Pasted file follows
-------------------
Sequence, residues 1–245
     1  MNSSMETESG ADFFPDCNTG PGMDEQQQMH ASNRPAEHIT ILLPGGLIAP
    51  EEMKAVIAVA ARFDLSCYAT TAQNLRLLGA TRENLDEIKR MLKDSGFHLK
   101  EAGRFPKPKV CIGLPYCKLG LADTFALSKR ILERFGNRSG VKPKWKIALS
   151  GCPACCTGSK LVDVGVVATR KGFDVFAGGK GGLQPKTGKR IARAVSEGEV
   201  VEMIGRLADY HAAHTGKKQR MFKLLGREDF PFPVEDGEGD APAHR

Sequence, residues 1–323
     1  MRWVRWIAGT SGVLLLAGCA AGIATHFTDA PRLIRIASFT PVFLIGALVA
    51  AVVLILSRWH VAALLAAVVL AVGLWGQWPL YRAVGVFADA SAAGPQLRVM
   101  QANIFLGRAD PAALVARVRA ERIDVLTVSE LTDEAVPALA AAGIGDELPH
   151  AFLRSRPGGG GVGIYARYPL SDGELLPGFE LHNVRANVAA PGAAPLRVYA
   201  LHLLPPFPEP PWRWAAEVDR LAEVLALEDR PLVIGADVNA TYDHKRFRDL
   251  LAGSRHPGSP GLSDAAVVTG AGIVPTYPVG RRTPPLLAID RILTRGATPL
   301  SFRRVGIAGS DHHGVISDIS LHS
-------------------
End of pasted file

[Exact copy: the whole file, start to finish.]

Sequence, residues 1–245
     1  MNSSMETESG ADFFPDCNTG PGMDEQQQMH ASNRPAEHIT ILLPGGLIAP
    51  EEMKAVIAVA ARFDLSCYAT TAQNLRLLGA TRENLDEIKR MLKDSGFHLK
   101  EAGRFPKPKV CIGLPYCKLG LADTFALSKR ILERFGNRSG VKPKWKIALS
   151  GCPACCTGSK LVDVGVVATR KGFDVFAGGK GGLQPKTGKR IARAVSEGEV
   201  VEMIGRLADY HAAHTGKKQR MFKLLGREDF PFPVEDGEGD APAHR

Sequence, residues 1–323
     1  MRWVRWIAGT SGVLLLAGCA AGIATHFTDA PRLIRIASFT PVFLIGALVA
    51  AVVLILSRWH VAALLAAVVL AVGLWGQWPL YRAVGVFADA SAAGPQLRVM
   101  QANIFLGRAD PAALVARVRA ERIDVLTVSE LTDEAVPALA AAGIGDELPH
   151  AFLRSRPGGG GVGIYARYPL SDGELLPGFE LHNVRANVAA PGAAPLRVYA
   201  LHLLPPFPEP PWRWAAEVDR LAEVLALEDR PLVIGADVNA TYDHKRFRDL
   251  LAGSRHPGSP GLSDAAVVTG AGIVPTYPVG RRTPPLLAID RILTRGATPL
   301  SFRRVGIAGS DHHGVISDIS LHS